So far, there are no federal safety regulations around the safety of vaping devices or concentrates. This means it’s up to you to be vigilant about the safety of your vape pens and concentrates. One key strategy is to read product labels on oils, concentrates, and vape pens and other devices. Look for chemical ingredients such as propylene glycol or other additives in cannabis concentrates. Try to buy commercially produced devices with usage guidelines and product descriptions whenever possible.
If you’re planning to use a vaporizer or a dab rig, look for ones with temperature controls. When using a device without temperature controls, such as a homemade dab rig, monitor temperatures carefully, and use ceramic nails and other heating elements whenever possible to reduce the risk of exposure to heavy metals and other industrial byproducts.
When buying a vape pen, check the manufacturer whenever possible for information about how a pen is produced and what it contains. Look for vape pens that have ceramic heating elements to avoid metals. If you’re considering a vape pen with a premade cartridge, make sure you can view a full list of ingredients. All reputable vape companies should be able to tell you exactly what’s in their vape oils.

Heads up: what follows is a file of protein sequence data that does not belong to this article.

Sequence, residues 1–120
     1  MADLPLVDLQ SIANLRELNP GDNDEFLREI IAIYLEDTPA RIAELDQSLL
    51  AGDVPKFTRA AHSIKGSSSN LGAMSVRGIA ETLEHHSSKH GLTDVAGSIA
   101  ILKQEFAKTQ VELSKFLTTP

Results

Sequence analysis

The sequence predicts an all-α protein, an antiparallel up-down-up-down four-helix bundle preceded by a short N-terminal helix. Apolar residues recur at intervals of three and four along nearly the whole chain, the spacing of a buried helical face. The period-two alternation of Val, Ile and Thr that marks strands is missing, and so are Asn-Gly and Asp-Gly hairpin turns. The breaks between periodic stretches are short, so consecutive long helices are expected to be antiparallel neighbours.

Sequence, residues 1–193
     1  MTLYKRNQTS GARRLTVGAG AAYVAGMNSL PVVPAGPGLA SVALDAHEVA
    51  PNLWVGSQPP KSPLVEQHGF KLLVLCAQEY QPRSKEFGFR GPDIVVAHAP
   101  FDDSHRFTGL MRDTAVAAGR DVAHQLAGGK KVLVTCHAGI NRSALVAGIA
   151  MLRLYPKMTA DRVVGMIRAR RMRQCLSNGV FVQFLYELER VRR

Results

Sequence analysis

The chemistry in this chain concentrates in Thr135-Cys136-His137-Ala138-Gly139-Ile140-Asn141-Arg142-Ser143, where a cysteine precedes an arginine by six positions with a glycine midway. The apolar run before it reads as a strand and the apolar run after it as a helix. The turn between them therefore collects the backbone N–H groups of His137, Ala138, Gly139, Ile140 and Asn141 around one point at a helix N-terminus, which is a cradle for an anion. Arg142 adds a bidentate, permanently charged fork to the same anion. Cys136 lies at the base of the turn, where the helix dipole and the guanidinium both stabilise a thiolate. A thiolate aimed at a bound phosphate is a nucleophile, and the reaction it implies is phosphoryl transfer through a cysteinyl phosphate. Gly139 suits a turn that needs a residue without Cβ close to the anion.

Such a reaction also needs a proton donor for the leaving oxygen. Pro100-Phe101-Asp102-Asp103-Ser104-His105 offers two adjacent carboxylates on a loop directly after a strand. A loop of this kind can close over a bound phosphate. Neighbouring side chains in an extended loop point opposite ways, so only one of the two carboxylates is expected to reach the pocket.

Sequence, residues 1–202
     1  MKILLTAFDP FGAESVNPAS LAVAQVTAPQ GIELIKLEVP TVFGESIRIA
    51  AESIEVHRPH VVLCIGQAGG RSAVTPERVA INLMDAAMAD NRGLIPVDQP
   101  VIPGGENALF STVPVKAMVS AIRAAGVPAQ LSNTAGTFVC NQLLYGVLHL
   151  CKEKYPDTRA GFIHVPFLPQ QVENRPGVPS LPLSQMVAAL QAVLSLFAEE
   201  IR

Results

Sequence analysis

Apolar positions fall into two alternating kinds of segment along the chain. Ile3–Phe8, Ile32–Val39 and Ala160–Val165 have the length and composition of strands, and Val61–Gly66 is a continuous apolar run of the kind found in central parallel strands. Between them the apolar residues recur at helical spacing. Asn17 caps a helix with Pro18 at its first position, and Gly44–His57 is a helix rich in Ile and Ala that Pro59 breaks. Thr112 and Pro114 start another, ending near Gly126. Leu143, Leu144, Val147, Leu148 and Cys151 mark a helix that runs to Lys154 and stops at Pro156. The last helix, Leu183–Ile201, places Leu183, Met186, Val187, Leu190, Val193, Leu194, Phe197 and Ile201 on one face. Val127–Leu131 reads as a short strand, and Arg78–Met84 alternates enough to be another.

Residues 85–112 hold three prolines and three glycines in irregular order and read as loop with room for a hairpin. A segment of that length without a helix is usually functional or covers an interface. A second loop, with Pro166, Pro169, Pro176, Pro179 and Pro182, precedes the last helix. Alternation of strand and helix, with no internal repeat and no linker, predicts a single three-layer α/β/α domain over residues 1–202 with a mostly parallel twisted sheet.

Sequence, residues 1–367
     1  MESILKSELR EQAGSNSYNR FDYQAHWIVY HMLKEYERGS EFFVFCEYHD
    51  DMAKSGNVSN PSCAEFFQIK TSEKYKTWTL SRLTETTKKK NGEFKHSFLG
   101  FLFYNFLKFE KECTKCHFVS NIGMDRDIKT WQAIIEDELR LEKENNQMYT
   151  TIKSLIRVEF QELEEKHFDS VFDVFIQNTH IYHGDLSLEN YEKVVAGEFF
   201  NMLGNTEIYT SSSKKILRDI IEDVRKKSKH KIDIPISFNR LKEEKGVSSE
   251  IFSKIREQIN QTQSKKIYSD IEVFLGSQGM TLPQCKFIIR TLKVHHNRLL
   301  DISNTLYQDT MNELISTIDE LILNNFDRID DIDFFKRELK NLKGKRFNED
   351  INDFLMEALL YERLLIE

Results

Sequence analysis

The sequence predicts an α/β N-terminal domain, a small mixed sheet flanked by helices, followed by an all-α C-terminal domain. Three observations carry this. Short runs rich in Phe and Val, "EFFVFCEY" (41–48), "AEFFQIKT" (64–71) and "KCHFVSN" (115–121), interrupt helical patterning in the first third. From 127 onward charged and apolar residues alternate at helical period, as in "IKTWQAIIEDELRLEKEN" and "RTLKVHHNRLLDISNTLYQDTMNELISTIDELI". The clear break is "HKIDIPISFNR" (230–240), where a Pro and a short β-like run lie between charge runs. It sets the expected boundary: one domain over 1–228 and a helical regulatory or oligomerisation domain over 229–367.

Adjusting the way you vape can also help protect against exposure to harmful chemicals. Avoid inhaling or pressing controls on your pen too long, since this can expose your lungs to the heated concentrate itself, not just the vapor.
Cannabis vaping is growing in popularity as more users see it as a safer alternative to smoking. Vaping has its own risks, too—but careful consumers can stay safe and enjoy the health benefits of cannabis concentrates at the same time.
Photo credit: Vaping 360